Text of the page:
Bryan has written numerous books, including Christ-Centered Preaching, Christ-Centered Worship, The Wonder of it All, The Promises of Grace, Each for the Other, Holiness by Grace and Praying Backwards. In addition to works written for theological purposes, he also is the author of a children’s book, I’ll Love You Anyway and Always.

Bryan is married to his wife of 34 years, Kathy, and they have three married children (Colin, Jordan, and Corinne Mather), and a daughter (Kaitlin) who is a high school senior.

A recent review of Christ-Centered Preaching was posted by at 9 Marks by Phil Newton. This is a good primer for those already enrolled in the Preaching Elective at Oxygen. There are still a few limited spaces to enrol if you are coming but haven’t yet registered and chosen your elective stream.

 
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Posted by on 24/07/2014 in leadership, Preaching

 

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The Night Before Good Friday

Read about it 

or…

 
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Posted by on 17/04/2014 in Jesus, video

 

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Wreaking Ball Christians

What sort of ball?

What sort of ball?

 

Conjures up a weird mental image doesn’t it? But this isn’t a reference to a recent song by a wayward pop princess. I’m referring to the old-fashioned way buildings were demolished by swinging an enormous chunk of metal into them to smash them into smithereens. David Murrow wrote a post, “How to wreak your pastor“. It has some great advice, and, sadly, is right on target in the scenarios and examples he uses.

However, the attitude Murrow discusses doesn’t only affect pastors or paid vocational workers in a Church. It also affects the myriad of volunteers who are the real workers in every Church. People who, on top of being parents and holding down a job are investing greatly to run or help out with kids programs, music, hospitality, visitation and administration. On top of all the “free advice” pastors get, there is also the “feedback” and “observations” they receive about how some volunteer isn’t performing to the standard of the complainant.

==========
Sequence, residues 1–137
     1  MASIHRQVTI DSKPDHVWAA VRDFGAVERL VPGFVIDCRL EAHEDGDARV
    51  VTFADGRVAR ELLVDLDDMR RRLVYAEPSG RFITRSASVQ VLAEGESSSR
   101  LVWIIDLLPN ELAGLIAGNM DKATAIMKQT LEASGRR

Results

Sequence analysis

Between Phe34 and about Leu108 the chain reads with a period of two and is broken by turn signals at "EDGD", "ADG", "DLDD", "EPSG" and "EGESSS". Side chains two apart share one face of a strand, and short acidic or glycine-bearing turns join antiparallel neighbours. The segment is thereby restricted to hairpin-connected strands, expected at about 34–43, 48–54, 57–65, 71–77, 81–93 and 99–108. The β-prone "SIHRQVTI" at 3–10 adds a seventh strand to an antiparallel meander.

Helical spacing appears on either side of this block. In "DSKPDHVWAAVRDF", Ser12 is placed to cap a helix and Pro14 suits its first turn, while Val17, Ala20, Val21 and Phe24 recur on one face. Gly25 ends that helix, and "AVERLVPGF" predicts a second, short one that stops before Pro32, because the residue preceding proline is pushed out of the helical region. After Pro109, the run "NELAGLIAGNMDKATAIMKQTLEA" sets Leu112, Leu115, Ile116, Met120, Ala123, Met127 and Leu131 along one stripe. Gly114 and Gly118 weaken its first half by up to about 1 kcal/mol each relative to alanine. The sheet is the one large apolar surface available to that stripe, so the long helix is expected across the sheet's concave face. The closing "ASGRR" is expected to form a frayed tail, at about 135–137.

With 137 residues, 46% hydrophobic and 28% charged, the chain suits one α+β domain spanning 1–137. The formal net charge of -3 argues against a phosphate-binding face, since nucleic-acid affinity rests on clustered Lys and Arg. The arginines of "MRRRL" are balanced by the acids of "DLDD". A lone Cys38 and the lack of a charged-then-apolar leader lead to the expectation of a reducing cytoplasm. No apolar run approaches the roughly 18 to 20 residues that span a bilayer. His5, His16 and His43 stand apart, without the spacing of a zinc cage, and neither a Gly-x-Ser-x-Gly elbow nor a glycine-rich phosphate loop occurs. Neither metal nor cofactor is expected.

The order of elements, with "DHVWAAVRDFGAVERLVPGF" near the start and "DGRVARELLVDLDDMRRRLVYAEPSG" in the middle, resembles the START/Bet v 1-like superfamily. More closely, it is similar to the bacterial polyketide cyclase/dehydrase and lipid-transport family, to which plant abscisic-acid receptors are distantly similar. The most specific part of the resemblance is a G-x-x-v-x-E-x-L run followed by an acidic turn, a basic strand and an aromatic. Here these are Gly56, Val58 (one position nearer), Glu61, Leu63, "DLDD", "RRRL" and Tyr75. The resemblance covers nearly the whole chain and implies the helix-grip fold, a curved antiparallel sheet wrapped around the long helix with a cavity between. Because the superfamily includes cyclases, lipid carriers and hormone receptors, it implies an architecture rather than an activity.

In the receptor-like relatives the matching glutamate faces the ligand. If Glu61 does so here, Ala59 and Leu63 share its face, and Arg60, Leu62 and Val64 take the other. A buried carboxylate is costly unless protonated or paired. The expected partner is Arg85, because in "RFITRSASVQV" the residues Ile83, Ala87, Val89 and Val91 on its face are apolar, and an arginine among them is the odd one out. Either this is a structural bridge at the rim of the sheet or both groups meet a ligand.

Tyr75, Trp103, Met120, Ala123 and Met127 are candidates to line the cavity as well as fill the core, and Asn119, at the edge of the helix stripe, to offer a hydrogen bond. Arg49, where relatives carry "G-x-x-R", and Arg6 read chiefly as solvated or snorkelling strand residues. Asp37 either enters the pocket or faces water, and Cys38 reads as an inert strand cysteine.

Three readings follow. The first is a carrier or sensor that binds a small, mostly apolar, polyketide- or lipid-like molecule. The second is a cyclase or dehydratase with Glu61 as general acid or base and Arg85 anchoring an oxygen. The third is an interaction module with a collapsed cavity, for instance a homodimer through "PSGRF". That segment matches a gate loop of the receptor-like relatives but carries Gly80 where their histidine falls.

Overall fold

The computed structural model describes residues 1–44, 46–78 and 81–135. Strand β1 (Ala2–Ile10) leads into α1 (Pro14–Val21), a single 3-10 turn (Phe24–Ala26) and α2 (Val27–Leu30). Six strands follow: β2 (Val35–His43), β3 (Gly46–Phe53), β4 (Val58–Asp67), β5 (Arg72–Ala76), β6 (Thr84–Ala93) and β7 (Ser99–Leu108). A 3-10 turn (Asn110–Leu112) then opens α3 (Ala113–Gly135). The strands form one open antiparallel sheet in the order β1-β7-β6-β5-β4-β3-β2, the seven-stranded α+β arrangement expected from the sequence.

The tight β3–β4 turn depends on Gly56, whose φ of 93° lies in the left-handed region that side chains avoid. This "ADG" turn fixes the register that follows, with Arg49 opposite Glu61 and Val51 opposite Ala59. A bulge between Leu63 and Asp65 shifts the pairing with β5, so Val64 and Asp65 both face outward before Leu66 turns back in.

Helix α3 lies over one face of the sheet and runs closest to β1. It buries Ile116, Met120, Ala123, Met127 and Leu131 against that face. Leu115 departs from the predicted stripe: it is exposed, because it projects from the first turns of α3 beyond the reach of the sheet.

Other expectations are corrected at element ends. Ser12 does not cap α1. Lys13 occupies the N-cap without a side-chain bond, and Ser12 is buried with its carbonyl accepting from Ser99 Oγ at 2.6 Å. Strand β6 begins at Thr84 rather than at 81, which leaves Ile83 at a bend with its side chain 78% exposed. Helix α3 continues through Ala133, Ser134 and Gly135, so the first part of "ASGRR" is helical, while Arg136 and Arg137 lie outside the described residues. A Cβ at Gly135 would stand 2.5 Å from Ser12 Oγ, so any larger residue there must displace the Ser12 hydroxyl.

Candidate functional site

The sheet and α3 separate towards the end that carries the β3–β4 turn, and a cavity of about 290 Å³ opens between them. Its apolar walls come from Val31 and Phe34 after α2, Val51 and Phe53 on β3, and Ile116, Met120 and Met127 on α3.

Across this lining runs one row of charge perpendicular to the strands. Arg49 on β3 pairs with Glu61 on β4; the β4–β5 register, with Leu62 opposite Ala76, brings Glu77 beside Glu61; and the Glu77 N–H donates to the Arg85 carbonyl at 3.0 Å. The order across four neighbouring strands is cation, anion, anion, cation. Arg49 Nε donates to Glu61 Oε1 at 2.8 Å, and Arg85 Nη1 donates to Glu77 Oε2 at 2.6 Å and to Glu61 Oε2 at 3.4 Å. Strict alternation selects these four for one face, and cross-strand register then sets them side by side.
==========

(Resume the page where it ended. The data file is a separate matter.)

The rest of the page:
This narky attitude can demoralise the volunteer who comes under scrutiny and repeatedly is a cause of people dropping out and falling away from Church. That’s not to say that we should be pandering everyone who stacks a chair or picks up a broom, but we also need to check our motivation behind our “feedback.” If it’s not a serious moral or legal failure and isn’t resulting in an undermining of the values and vision of the Church, then let it go! If, for whatever reason you still can’t stand a situation, please DON’T, as Murrow suggests, “ask the Lord if he may be leading you to attend a different church” – instead, get involved and help out yourself?! Leaving because you can’t get your own way, is infantile and gutless.

Alternatively, you could, as Murrow says for the pastor, offer to catch up with the person in question, take them out to lunch and spend some time getting to know them, praying with them and encouraging them. Don’t be a passive aggressive whiner. Realise that your opinion comes from someone who isn’t perfect, doesn’t always know all the facts or all the challenges involved in the ministry you’re so concerned about. There is every likelihood that you are dead wrong.

I was once in a ministry where I was regularly offered the type of advice Murrow mentions. It is exhausting to constantly get kicked in the guts that way. On the other hand, I’m currently in a ministry, where on 2 separate occasions in the last two weeks I’ve been invited out for catch ups by people in our Church that were exactly that: catchups! One was over a coffee, the other lunch, just yesterday. In both cases the people were simply trying to encourage me, see how I was doing and spend time getting to know me. It was such an encouragement!

After all Christians are meant to build each up not wreak and demolish.

 

Related Post:

Don’t Like Your Church? Then Leave. Or …

 
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Posted by on 11/04/2014 in church, Culture, discipleship, ministry